Orlando Evening Star from Orlando, Florida on November 30, 1968 · 6
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Orlando Evening Star from Orlando, Florida · 6

Orlando, Florida
Issue Date:
Saturday, November 30, 1968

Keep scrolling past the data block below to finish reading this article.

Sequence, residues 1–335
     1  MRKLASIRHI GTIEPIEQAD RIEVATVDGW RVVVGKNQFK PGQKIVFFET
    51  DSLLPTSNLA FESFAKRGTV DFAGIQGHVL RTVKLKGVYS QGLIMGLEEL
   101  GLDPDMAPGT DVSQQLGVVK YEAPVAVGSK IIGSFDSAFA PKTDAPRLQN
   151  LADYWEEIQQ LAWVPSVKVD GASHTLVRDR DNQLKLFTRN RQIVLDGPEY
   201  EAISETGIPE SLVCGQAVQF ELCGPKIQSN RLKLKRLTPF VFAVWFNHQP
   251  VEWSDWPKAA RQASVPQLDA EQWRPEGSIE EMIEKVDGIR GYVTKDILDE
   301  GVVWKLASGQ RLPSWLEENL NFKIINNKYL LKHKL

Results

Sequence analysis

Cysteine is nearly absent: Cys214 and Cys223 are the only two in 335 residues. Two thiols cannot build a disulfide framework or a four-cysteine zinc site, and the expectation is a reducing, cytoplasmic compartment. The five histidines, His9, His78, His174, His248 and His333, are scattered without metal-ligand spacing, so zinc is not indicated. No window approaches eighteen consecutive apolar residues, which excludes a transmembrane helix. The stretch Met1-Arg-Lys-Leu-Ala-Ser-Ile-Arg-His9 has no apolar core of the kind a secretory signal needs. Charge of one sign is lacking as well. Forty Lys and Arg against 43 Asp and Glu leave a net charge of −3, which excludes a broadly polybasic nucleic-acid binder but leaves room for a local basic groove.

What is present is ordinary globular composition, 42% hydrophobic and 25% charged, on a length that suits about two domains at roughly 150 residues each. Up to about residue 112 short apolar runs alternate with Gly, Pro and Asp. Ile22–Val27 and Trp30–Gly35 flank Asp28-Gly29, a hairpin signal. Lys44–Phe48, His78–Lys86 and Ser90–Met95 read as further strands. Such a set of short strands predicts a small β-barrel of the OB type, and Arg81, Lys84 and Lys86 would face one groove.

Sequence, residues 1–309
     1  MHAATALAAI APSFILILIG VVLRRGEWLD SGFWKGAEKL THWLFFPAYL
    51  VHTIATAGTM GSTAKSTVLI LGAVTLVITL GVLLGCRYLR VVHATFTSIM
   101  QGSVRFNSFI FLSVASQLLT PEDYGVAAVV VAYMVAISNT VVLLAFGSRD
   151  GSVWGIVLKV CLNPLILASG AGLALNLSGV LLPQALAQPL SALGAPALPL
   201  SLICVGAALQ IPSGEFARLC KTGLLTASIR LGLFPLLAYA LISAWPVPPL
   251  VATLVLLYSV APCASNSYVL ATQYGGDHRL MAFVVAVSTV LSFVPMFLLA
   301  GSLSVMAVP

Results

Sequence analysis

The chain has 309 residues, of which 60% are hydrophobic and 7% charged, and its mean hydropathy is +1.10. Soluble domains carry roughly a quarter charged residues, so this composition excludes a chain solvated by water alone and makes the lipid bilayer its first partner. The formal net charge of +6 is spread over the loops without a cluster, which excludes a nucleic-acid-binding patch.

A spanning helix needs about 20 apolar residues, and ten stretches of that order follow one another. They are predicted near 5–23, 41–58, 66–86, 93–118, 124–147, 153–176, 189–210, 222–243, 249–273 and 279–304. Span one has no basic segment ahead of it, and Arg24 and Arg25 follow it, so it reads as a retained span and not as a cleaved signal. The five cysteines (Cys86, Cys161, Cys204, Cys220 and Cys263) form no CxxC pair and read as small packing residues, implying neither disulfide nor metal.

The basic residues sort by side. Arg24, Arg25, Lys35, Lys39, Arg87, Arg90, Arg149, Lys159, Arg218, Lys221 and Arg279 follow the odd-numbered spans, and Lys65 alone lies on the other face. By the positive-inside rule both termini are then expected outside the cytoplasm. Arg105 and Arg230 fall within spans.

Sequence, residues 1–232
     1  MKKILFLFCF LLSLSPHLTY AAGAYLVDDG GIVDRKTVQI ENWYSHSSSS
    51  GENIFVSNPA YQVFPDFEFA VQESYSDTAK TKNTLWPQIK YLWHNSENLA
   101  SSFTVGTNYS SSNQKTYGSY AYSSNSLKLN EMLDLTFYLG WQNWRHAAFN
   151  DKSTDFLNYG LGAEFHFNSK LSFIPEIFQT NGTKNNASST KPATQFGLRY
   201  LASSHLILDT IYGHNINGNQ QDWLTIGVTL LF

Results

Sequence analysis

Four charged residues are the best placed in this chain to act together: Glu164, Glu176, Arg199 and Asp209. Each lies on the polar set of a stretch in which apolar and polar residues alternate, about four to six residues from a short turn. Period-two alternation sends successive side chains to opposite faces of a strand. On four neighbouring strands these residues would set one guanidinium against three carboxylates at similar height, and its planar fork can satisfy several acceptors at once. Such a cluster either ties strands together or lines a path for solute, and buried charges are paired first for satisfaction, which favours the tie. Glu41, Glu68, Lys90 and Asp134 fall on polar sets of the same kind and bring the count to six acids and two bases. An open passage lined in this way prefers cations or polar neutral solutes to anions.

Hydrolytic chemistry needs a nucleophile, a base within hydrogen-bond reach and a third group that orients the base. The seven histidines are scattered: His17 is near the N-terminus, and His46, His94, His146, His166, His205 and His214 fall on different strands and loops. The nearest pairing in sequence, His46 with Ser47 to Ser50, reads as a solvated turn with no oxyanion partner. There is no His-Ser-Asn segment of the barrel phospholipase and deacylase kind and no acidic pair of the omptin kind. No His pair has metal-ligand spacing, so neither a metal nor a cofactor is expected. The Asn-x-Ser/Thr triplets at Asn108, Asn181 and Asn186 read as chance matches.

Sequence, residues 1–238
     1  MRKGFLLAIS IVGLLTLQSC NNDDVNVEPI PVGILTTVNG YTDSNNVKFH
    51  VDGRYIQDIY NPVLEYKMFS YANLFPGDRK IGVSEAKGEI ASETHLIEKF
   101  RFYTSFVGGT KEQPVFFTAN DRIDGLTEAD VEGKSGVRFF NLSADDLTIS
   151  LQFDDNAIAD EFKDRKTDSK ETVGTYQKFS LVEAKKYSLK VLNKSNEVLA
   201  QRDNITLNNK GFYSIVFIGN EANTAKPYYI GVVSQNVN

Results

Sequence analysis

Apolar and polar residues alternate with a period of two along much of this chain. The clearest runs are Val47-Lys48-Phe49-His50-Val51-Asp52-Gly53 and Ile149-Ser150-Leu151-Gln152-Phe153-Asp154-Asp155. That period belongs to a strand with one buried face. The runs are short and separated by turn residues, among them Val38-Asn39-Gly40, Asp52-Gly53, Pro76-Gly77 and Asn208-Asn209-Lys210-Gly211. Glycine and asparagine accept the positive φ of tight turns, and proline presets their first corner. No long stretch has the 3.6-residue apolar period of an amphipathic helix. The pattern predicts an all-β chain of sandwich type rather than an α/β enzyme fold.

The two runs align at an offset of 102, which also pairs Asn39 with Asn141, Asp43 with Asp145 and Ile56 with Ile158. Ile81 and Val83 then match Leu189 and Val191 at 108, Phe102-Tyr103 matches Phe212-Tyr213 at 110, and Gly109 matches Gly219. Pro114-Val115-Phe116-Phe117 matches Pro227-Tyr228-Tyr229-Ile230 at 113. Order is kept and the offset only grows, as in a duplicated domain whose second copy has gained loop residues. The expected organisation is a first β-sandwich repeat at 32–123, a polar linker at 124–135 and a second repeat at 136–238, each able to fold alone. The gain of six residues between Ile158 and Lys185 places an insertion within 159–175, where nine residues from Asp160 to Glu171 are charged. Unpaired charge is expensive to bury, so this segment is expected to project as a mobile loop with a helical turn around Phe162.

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r uddy Buddy n 1 Bowl Ti 3 TIn Ajl 0 I Tie 1 IIT AT O By ED HAYES Sports Editor Ruben Munoz and Arlan Elms played professional football together last year for the Eugene (Oregon) Bombers. They're back together, booked into the Tangerine Bowl tonight in the Continental League's national championship game at 8 o'clock. Munoz Is a starting guard who might start at tackle on offense in place of injured Tom Bailey for the Orlando Panthers . . . and Elms is a running back for the Orange County (Calif.) Ramblers. THEY HELD a reunion yesterday evening just one of many shortly miiilililiiliiilliillliiiiliillllliilliliillllliliiiiiliiiiiii Page 6 A 'it' Saturday, Nov. 30, 1968 after the Pacific Division champions arrived in Orlando. The visitors are quartered at Parliament House. Among the "visitors" at the South Orange Blossom Trail motel were former Panther owner Tom Grana-tell and former head coach Perry Moss. GRANATELL, New Jur- Star Photo by Havean Summen GRANATELL, MOSS . . . And tonight's program sey businessman, still has a financial interest in the community-owned club and is a member of the board. Moss is head coach of Marshall University in Huntington, W. Va. His Thundering Herd took it on the chin in the fast MidAmerican Conference but this was not unexpected. Moss admits he's assembled a crackerjack freshman team. "We've got 10 guys who can run under 10 in the 100," he said. "We've got some size in the line and they seem to be hungry." MOSS SAID his punter Skip Williams was rated fourth in the nation until he had a punt blocked. Now he's 14th. "Deke taught him and the kid had never punted before," Moss said. Deke is Deke Brackett, who also served as Perry's assistant in Orlando. "Deke wanted to come to the game here," Moss said, "but he had to stay behind and teach a class." The inability of Brackett, one of the most colorful characters in the collegiate or professional coaching world, to make it here for the game, is the first disappointment of championship weekend. DEKE WAS on the sidelines in Anaheim a year ago, shooing the Panthers lllll!lllllllllllll!llllllllllll!llllllllll!!lllllllllllllllim BIG SAM IN BIG GAME Big Sam McDowell has been activated for the big game in the Tangerine Bowl tonight. The defensive tackle from Southwest Missouri, whQ lost 58 pounds since checking in to the Orlando camp from the Miami Dolphins early this summer, was down to 319 pounds a few weeks ago. But that was before Thanksgiving Day. IT'S A HOME GAME for the Panthers but there'll probably be some cheering in the Tangerine Bowl tonight for a couple Orange County Ramblers. Right tackle Harold Jones and kicker John Seedborg have relatives in Florida and the relatives have indicated they'll be out in full force. SEEDBORG, WHO played at Arizona State, gets his cheering section from the St. Petersburg area. His cousin is the Rev. Troy Helms. Jones' family lives in Eatonville. Harold, who played at Grambling, is the brother of one of Eatonville's most famous sons, Deacon Jones of the Los Angeles Rams. iiiiiiiiiiiiiiiiiiiiiiiiiiiiiiiiiiiiiiiiiiiiiiiiiiiiiiiiiiiiiiiiiiiim into their triumph over the Ramblers. He also hit it big in Las Vegas on the way home. Granatell's son Chuck looks like he's ready to go for the Panthers although he's only a high school sophomore. ' AMONG THE Ramblers attracting the most attention at a press party were fullback Bob Jackson, a solid-looking citizen with a vicious physique and defensive back Darrell Hoover from Arizona State. Jackson was MVP on the Coast this year. Hoover was a seventh draft choice of the Los Angeles Rams in 1966 and a bonus signee. Leg muscles have badgered him for two years now, following adventures with the Rams and New Orleans Saints. LAST YEAR he tied a CFL record with 11 pass interceptions. He has six this year compared to the 10 for Orlando's Pete Athas. Hoover is single, and has solid investments in stocks and a popular social club for single people. An articulate, ambitious young man. THE RAMS own six of the Ramblers, the Saints four and the St. Louis Card inals one (quarterback Gary Snook). Defensive tackle Perry Parks rates high on the big league scouting reports. Four Pacific Division players were recently recalled by their big clubs. Bill Belk, a defensive end at Sacramento, is back with the San Francisco 49ers and scored a touchdown in the last game. Spokane's Kenny Stabler (Alabama) and John Eason (Florida A&M) were recalled by the Oakland Raiders. And Herb Lindsey from Seattle is back at Denver. THE CFL held an unofficial league meeting this morning at Parliament House, for league directors, laying groundwork for the meeting at Las Vegas, Dec. 14-15. Norfolk, Chicago, Las Vegas and Sacramento were represented with Danny Hill of San Jose, Calif., CFL c o m m i s s ioner, in charge. J i m Dunn, executive director of the Atlantic Division, said the Las Vegas meeting had four purposes: to approve a schedule, elect officers, consider bylaws, etc., and to consider any new franchise applications. THE ANNUAL CFL meeting is to be held in January, probably at an See Orlando-Orange County rosiers-on Pate One. Atlantic Division town, possibly Orlando. "We want to go into the annual meeting knowing exactly where we stand," said Dunn. Secretary of the directors meeting here is Marty O'Connor, professional foot ball's only female general manager. Her team is the Chicago Owls. "I'd be here for this game even if we didn't have a meeting," she said. "This is our championship game. It doesn't make any difference who's playing." DUNN PRESENTED the Atlantic's most - valuable -player cup to Don Jonas at the press conclave last night. BOB JONES, director of the High School Band Association presented an oversized, color photo to Elmer Cook, general manager of the Panthers. The shot was taken at the T-Bowl, the night 11 area bands put on a show for Panther fans. k'ok Star Photo bv Havern Summer RAMBLING RAMBLERS . . . Hoover and Jackson SELLERS 'FINEST RECEIVER WE'VE SEEN' i! ma ht Ron t 4 By Star Services JACKSONVILLE It was a great night for Seminoles Friday, especially All-American Ron Sellers, who put an exclamation point to his pass catching brilliance in Florida State's 40-20 upset for the 10th ranked Houston Cougars. The word "great" was on everyone's lips in the FSU dressing room. They applied it to Sellers who caught 14 passes for 214 yards; to quarterback Bill Cappleman, who completed 25 of 34 passes for 351 yards; to the defense which shut out the nation's highest scoring college football machine in the first half, and to every Seminole. COACH BILL PETERSON summed it up by saying, "This was the greatest victory ever for us because we have never beaten as good a team that badly." Superlatives even poured out of the subdued Houston dressing room under the Gator Bowl stands. "Sellers had a fine night," said Houston coach Bill Yeoman. "He is the finest receiver we have seen." TWO COUGAR DEFENSIVE backs who held Sellers to a pass receiving total of 12 yards in a 33-13 Houston victory in the Astrodome last year, said the 6-foot-4 FSU flanker is a much improved player. "He has greatly improved his patterns," said Mike Simpson. "He's easily the best of the year and a sure bet in the pros. He has everything going for him height, hands and speed." John Peacock put it much the same way. "Sellers is the best I've played against this year," he said. "He ran a lot better on this grass than he did on the Astro turf last year. He runs with more assurance and better timing." THE RIVAL COACHES disagreed on when the Peach Bowl-bound Seminoles nailed down their victory. "Things broke for us right from the start," said Peterson. "Our offensive and defensive coaches had great game plans and our kids were ready to play." Yeoman felt his explosive Cougars could come back after trailing 25-0 at halftime. They showed signs of it with a touchdown early in the third quarter. But less than one minute later, Sellers took a sideline pass and streaked 62 yards for an FSU score. "THAT WAS THE FIRST turning point, but we weren't out of it," Yeoman said. "The second turning point was when we fumbled on fourth down at the threshold of their goal." The score was 32-14 at that point. Although Paul (UPI) FSU Fans: We Want 100! By The Associated Press The score board tally read 25-0 at half time and the crowd began chanting: "We want 100!" H o u s ton's high-scoring Cougars had answered the same call less than a week earlier, but this time they hardly took notice. They couldn't afford to ... not when the next point they scored would be their first. FLORIDA STATE, triggered by the pitch-catch combination of Bill Cappleman and Ron Sellers, beat Houston to the draw Friday night and whipped the Nation's No. 1 offensive team 40-20 in a prelude to the final fling of the college football season. The lOth-ranked Cougars, who riddled Tulsa 100-6 last Saturday night after pasting Idaho 77-3 the previous weekend, didn't get their attack off the ground against the Seminoles until Cappleman and Sellers had virtually locked up the game with a first-half aerial blitz. Cappleman wound up hitting on 25 of 34 passes for 353 yards and four touchdowns while Sellers, the all-time leader in yardage on pass receptions, caught 14 for 214 yards and one score ... 62-yard bomb. The victory gave the Seminoles, who meet Louisiana State in the Dec. 30 Peach Bowl, an 8-2 regular season wind-up. HOUSTON FINISHED with a 6-2-2 mark. Today's top games pitted Army against No. 9" Notre Dame at Los Angeles in a nationally televised (ABC-1:15 p.m., EST) doubleheader. Alabama and Auburn tangled in another traditional season finale while fourth-ranked Georgia met Georgia Tech, No. 7 Tennessee took on Vanderbilt, Oklahoma played Oklahoma State, Baylor tackled Rice and Boston College met Holy Cross. TWO POST-SEASON at- tractions pairing top small college teams also were on schedule. Unbeaten Donae, Neb., played Central Missouri State in the Mineral Water Bowl at Excelsior Springs, Mo., and Texas A&I met unbeaten Northern State of South Dakota in an NAIA championship semifinal at Kingsville, Tex. i Arizona, gunning for the Western Athletic Conference crown, goes against arch rival Arizona State tonight at Tucson. In other arc-light games, San Diego State, the nation's No. 2 small college team, closes against visiting Utah State and California completes an 11-game schedule at the University of Hawaii. ft'.. I r 4 V -A ''O ; V ; v ( .... J ) 4W 1 . -A- gig. i CHIP GLASS IN THE ACT, TOO ... Scores third FSU touchdown (UPI) SELLERS AND CAPPLEMAN . . . Hot FSU combo Gipson lost that fumble and executed the play poorly, he lost no stature in Yeoman's eyes. Not only because of his 164 yards rushing in this, his final college game, but for his great play and leadership over three seasons, the Houston coach said: "Gipson is one of the finest runners anywhere and he is not only a fine athlete but also a fine gentleman." FSU FACES Louisiana State in the new Peach Bowl in Atlanta Dec. 30. Houston is ineligible for post season play because of NCAA probation. FERRUM FLATTENS PHOENIX 41-19 JC Final SAVANNAH, Ga. W) A rugged ground game and a b a 1 1 - h a w k ing defense helped Ferrum to a 41-19 victory over Phoenix here Friday night as the Virginians claimed their second national junior college football title in four years. Ferrum jumped into an early lead as the Virginians piled up 17 points in the first quarter while holding Phoenix scoreless. QUARTERBACK Butch Duschram, who rushed for 118 yards during the game, put Ferrum on the scoreboard first by plunging over from the one to cap a 63-yard drive. The Virginians took advantage of one of the four Phoenix fumbles they recovered to score again on a 45-yard field goal and then drove 69 yards for another touchdown before the first quarter ended. Ferrum scored again on Duschram's 11-yard run before Joe Jackson, who was voted the game's outstanding back, got Phoenix on the scoreboard by catching a pass on a play that covered 51 yards. Jackson scored again in the fourth quarter on a 1-yard plunge. IN ALL, Jackson carried a record 29 times and Soccer Finale QUINCY, 111. (in Host Quincy and Davis and Elk-ins of West Virginia met today for the NAIA soccer championship. Quincy defeated Eastern Connecticut 5-0 and Davis and Elkins downed Plattsburgh State 1-0 in Friday's semifinal round. gained 123 yards rushing. But F e r r u m's Horace Green, who scored once with a 38-yard burst, rolled up a game record 150 yards on the ground. Ferrum tackle Renso P e r d o n i was voted the game's outstanding lineman. It was the third time since the Shrine Bowl game was begun here in 1964 that Ferrum made the finals. The Virginians won in 1965, the year after Phoenix won the national title. Northeast Oklahoma, the 1967 winner, is the only other team to win two national crowns. I " IfrnirarrTiff Rambler QB Jerry Otterson, southpaw thrower, will probably start at quarterback tonight for the Orange County Ramblers against the Orlando Panthers in the Tangerine Bowl's pro championship game. Kickoff at 8.